Active Learning Structures Before Instruction: The purpose of this diagnostic practice is to assess student thinking of the learning material before they come to class, and then use the information gathered to adjust and inform the teaching and learning process (West, 2018). Just-in Time Teaching (JiTT) is a structuring technique that can be used to scaffold student learning of content before instruction. Here, students respond to open-ended questions online about new content before it is presented in class.  The university teacher reviews students’ submissions, and adjusts teaching and learning to address misconceptions just in time in the learning process.

The First Five Minutes: The first few minutes of class are very crucial to the ebb and flow of student learning for the rest of the period. It is important to use ‘engagement triggers’ to grab students’ attention and focus their minds on the content at hand. There are several structures and techniques for focusing students’ attention on learning. Instead of going over the learning points from the previous class, Major (2019) suggests that university teachers bookend the first minutes by asking students to summarize the key learning points of the last class in a memo to an imaginary classmate who was absent. Lang (2019) recommends posing challenging, puzzling questions to prompt students to think aloud and talk about the subject at hand.

Structures during lecture: We are all too familiar with the aphorism, “What I hear, I forget. What I see, I remember. What I do, I understand.” At best, students hear and remember about forty percent of the information presented in a lecture. The question is, Why not incorporate structures into a lecture to scaffold active listening, note-taking and student retention of pertinent information? One structure for scaffolding knowledge retention involves giving students guided notes that summarize the key points of a lecture, with blank spaces that they have to fill out during the lecture (McMurtrie, 2019). Also, giving students a handout with five to ten multiple choice items to answer using information from the lecture should promote active listening and retention of knowledge.

Active Learning Techniques During Lecture: Our working memory can only process a limited amount of information at a time. The information that does not make it to long-term memory is lost. The traditional lecture practice of presenting content in extended blocks of time does not foster the storage of information in long-term memory. Therefore, instead of lecturing for an extended one-hour block, break the lecture into fifteen-minute segments, and establish strategic breaks between segments. Then implement simple active learning techniques such as think-pair-share, retrieval practice and one-sentence summary during breaks to check for understanding. Interspersing lecturing with active learning techniques primes all students to have equitable access to learning success and it is effective for facilitating the transfer of learning content into long-term memory.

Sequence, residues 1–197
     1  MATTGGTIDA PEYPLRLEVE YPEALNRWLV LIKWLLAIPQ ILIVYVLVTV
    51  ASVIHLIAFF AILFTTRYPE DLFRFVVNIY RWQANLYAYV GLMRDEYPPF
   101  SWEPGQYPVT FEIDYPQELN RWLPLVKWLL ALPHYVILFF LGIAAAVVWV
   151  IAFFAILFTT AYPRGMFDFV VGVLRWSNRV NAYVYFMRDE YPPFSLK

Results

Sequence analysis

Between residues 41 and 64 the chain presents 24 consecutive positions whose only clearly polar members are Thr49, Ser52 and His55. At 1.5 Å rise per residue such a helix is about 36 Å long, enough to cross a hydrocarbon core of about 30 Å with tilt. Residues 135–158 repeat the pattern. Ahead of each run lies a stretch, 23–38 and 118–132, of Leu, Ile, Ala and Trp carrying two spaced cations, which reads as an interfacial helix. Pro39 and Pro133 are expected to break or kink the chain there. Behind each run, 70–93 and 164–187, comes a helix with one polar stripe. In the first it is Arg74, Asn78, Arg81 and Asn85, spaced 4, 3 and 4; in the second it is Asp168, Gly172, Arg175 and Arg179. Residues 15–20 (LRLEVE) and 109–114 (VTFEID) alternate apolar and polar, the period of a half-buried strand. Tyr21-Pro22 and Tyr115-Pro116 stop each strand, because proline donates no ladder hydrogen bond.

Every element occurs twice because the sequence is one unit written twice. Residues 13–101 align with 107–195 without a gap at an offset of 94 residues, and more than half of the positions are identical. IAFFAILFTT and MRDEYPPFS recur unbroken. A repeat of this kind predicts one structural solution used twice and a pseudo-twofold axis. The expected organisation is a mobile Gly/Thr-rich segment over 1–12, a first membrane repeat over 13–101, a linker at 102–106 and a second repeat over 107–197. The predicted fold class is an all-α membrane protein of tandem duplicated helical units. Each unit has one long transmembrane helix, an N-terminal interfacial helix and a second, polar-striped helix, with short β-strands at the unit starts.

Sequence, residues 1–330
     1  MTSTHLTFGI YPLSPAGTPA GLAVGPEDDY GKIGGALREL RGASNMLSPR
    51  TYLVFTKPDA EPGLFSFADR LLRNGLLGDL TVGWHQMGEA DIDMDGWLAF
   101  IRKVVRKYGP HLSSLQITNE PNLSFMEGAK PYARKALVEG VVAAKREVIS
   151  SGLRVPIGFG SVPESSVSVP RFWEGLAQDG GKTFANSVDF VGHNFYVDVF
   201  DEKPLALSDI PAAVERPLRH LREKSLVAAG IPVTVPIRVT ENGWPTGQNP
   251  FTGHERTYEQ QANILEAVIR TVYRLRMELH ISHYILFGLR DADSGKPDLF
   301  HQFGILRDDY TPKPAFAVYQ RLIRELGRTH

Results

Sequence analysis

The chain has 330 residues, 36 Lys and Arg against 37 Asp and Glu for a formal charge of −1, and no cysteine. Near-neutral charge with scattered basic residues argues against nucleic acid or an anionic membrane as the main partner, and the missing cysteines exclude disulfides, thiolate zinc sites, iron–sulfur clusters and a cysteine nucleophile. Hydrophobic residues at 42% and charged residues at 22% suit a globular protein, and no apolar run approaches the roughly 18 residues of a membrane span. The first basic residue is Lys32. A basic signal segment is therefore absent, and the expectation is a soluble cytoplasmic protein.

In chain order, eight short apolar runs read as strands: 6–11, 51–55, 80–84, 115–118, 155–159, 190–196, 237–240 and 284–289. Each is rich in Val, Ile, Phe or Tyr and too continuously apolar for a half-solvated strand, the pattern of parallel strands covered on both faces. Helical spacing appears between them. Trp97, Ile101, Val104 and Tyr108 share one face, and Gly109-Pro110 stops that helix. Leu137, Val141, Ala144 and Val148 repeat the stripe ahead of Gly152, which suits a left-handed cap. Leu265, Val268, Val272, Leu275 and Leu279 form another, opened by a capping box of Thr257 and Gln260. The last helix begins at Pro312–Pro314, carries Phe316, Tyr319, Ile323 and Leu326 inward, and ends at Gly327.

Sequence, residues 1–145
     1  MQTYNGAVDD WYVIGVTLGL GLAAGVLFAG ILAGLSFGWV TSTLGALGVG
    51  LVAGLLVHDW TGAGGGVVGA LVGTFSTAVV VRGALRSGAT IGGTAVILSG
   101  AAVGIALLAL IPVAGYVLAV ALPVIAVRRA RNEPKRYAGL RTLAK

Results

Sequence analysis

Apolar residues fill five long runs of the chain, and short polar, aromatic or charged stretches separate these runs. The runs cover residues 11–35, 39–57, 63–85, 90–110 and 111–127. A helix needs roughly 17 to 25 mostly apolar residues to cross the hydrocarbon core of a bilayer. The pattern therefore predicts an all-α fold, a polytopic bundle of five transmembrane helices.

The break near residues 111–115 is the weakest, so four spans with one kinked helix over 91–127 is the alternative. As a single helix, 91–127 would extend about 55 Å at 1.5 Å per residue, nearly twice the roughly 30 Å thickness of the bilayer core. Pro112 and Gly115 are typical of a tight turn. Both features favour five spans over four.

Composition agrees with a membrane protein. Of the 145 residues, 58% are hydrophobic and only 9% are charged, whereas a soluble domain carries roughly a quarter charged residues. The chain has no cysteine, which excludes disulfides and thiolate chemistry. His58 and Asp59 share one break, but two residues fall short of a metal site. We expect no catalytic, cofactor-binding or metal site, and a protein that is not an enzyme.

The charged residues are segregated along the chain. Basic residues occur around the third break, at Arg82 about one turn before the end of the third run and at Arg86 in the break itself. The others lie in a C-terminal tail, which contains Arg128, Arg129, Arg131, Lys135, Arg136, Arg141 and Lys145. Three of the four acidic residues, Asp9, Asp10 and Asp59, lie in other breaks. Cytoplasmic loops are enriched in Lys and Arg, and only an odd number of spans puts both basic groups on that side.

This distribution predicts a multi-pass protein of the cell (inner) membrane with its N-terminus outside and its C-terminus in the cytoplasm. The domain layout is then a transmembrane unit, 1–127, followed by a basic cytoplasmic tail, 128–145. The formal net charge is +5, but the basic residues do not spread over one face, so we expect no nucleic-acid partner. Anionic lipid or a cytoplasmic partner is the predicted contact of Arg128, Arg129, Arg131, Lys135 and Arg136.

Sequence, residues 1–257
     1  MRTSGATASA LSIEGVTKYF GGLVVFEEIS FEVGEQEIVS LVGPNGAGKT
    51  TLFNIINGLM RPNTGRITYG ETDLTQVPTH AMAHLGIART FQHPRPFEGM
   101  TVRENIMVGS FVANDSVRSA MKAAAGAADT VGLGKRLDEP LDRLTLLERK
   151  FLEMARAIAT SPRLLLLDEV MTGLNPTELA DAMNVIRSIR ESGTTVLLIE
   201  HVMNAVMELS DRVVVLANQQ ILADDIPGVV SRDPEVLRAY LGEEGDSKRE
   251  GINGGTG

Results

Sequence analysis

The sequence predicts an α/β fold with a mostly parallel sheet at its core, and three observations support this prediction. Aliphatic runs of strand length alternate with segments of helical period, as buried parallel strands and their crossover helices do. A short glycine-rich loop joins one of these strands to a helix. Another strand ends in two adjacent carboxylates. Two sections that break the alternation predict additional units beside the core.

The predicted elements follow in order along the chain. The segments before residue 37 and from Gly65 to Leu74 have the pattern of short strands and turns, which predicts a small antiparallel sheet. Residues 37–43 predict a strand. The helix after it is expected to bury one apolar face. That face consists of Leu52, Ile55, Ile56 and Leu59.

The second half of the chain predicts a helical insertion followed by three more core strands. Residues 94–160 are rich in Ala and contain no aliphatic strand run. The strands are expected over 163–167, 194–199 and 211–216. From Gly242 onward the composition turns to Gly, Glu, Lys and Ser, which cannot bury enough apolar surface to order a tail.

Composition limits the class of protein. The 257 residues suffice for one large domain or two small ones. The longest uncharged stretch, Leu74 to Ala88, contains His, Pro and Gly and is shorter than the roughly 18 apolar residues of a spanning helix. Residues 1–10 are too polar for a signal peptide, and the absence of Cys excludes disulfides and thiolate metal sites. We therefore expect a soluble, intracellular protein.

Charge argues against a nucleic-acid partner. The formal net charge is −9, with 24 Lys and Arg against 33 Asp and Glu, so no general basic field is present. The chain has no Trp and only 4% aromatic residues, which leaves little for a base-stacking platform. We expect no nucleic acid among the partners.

The Last Five Minutes: The last five minutes is the second bookend of the class period. Students are engaged in thinking about what they are about to learn during the first five minutes of class. The focus of the last five minutes is to ask students to reflect on what they have learned and the questions that they have about the topic. The minute paper and the muddiest point are effective active learning techniques for structuring this bookend.

Lecture versus active learning is a moot issue. All that the age-old lecture method needs is an injection of active learning structures and techniques to transform it into a win-win evidence-based best practice.



Deslauriers, L., McCarty, L. S., Miller, K., Callaghan, K., & Kestin, G. (2019). Measuring actual learning versus feeling of learning in response to being actively engaged in the classroom. Retrieved from

Goodbar, D. (2019, November 3). Do Students Really Learn Nothing From a Lecture? Retrieved from

Haave, N. (2019, July 1). My worst student ratings ever. Retrieved  from

Lang, J.M. (2016, January 11). Small changes in teaching: The first five minutes of class. Retrieved October 14, 2019 from

Lang, J. M. (2016, March 7). Small changes in teaching: The last five minutes of class. Retrieved from

Major, C. H. (2019, October 21). Interactive lecturing: A pedagogy that works. Retrieved from https://www.teachingprofessor

Mcmurtrie, B. (2019, October 3). Can the lecture be saved? Retrieved from

Freeman, S. et al. (2014). Active Learning Increases Student Performance in Science, Engineering, and Mathematics. PNAS, 111, 8410-8415.

West, J. (2018, October 1). Responsive planning improves learning and teaching. Retrieved from

Funmi Amobi is an instructional consultant and College Liaison in Oregon State University’s Center for Teaching and Learning. Funmi provides consultations to faculty in individual and small group settings to support teaching excellence and student success. Funmi holds a doctorate degree in secondary education with major emphasis in curriculum and instruction from Arizona State University.  As a reflective practitioner, she is a life-long student of the scholarship of teaching and learning.  To schedule a Sparkshop call Funmi @ 541 737 1338 or email:







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Interested in Designing a Hybrid Course?

OSU Lower Campus and Furman HallBlended learning is a prominent feature of the teaching and learning landscape at Oregon State University. Since 2012 when OSU established the hybrid course schedule type, Corvallis campus hybrid courses have enrolled more than 42,000 students. The number of hybrid course sections has grown by more than 20% every year.

The Center for Teaching and Learning has issued a Call for Proposals for the Winter 2020 Hybrid Faculty Learning Community. This program supports faculty in the redesign of Corvallis campus courses as hybrid courses that integrate classroom meetings with online learning activities.